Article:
EnableTestClient = True
This configuration variable will then be used in the previously added routes.Add. The modified code is reflected in Listing 2.

After making the necessary coding changes, I will start debugging the application by pressing F5. When the initial page loads, it will look similar to Figure 9. However, if I append "/test" to the URL, it displays the built-in test client, as shown in Figure 10.

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Figure 10. Default ASP.NET Web API test client page.

The test client page contains four sections:

  1. Resources are the available APIs.
  2. History displays a listing of calls submitted to the server in chronological order.
  3. Request shows the verb, URI and the content header request sent to the server. These items will remain blank until a URI is selected from the Resources section.
  4. Response shows the data received from the server.

To use the test client, click the Resources link in the left pane. This will populate the "Request" section with verb, URI and content header. Clicking the Send button will result in the output seen in Figure 11.

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Figure 11. Test client with Request and Response.

The advantage of the test client is it expedites sending different content headers and verbs to the server. These are available in lists that appear when editing either the verb or the header, as shown in Figure 12. This allows the data to be sent in XML, JSON, plain text or any other format listed. Once the content header changes, ASP.NET Web API immediately adjusts to send the proper formatted output to the client.

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Figure 12. Selecting different header information.

Enabling OData Query Support
Another advantage of ASP.NET Web API is the ability to provide OData query support. Currently, only a subset of the query URI formats are accepted ($top, $skip, $orderby and $filter). To modify the existing API for OData support, simply change it to return an IQueryable type. This will also require using the System.Linq namespace. A complete listing of the modified code is shown in Listing 3.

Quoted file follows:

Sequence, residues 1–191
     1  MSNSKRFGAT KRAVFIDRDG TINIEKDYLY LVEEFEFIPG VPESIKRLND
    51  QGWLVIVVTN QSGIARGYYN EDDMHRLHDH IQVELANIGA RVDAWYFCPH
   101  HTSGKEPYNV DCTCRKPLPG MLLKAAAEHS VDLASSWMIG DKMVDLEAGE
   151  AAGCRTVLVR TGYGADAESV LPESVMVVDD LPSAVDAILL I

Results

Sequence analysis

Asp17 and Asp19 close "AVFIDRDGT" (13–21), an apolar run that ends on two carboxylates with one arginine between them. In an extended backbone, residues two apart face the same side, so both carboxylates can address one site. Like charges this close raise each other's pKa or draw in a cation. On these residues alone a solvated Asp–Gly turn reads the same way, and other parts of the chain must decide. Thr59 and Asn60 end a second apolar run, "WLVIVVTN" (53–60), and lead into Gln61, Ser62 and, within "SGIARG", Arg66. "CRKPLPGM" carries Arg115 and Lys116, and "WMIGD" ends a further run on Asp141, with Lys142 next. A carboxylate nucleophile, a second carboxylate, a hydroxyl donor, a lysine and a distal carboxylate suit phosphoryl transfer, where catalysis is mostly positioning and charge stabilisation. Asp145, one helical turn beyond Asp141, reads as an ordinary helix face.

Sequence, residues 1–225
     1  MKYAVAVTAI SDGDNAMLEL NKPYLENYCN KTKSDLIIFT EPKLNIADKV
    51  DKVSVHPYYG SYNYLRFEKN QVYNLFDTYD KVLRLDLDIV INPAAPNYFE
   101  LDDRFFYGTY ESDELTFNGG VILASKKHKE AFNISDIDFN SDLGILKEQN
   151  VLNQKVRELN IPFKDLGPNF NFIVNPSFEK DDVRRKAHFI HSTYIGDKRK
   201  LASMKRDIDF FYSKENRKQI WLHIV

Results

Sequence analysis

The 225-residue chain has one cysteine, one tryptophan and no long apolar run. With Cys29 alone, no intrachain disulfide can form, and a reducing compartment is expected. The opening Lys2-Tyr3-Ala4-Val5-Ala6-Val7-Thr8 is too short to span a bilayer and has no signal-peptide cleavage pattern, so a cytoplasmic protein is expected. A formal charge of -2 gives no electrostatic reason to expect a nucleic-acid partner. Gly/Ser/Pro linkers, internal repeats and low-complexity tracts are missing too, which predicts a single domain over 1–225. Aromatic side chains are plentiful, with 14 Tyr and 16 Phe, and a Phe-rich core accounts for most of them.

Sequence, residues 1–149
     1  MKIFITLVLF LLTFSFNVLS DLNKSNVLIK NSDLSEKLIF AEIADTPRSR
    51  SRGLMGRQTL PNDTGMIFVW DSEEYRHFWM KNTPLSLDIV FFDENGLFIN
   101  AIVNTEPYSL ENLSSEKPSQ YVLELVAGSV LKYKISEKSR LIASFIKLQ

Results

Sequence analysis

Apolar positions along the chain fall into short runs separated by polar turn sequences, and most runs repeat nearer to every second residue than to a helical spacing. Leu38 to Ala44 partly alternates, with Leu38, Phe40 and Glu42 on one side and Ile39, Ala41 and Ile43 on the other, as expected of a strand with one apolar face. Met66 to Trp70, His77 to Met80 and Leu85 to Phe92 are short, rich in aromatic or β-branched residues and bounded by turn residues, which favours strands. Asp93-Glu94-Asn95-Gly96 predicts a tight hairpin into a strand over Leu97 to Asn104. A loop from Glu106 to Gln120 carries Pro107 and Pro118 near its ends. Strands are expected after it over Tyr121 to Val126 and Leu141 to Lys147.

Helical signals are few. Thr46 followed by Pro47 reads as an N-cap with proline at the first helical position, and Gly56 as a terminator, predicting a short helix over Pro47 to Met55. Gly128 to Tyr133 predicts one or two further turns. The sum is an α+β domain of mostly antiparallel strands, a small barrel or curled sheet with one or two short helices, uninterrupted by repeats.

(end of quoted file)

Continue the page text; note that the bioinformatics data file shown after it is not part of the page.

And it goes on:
After making the necessary changes, the project is now ready to provide OData query support. Once the browser page loads, append the query string "?$top=2&$orderby=Model" to the address, click Send, and the modified query will be returned as shown in Figure 13.

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Figure 13. Test client with OData Request and Response.

Advantages of ASP.NET Web API
ASP.NET Web API is not fully released yet, but it still offers many promising features. It allows the ability to write a service once and provide many different output formats with little effort on the developer’s side. This capability is made available in ASP.NET MVC 3, ASP.NET MVC 4 beta and standard ASP.NET applications. In addition, it offers a built-in test client to facilitate testing and viewing the data passed to and from the client.

About the Author

Sam Nasr has been a software developer since 1995, focusing mostly on Microsoft technologies. Having achieved multiple certifications from Microsoft (MCAD, MCTS(MOSS), and MCT), Sam develops, teaches, and tours the country to present various topics in .Net Framework. He is also actively involved with the Cleveland C#/VB.Net User Group, where he has been the group leader since 2003. In addition, he also started the Cleveland WPF Users Group in June 2009, and the Cleveland .Net Study Group in August 2009, and is the INETA mentor for Ohio. When not coding, Sam loves spending time with his family and friends or volunteering at his local church. He can be reached by email at [email protected].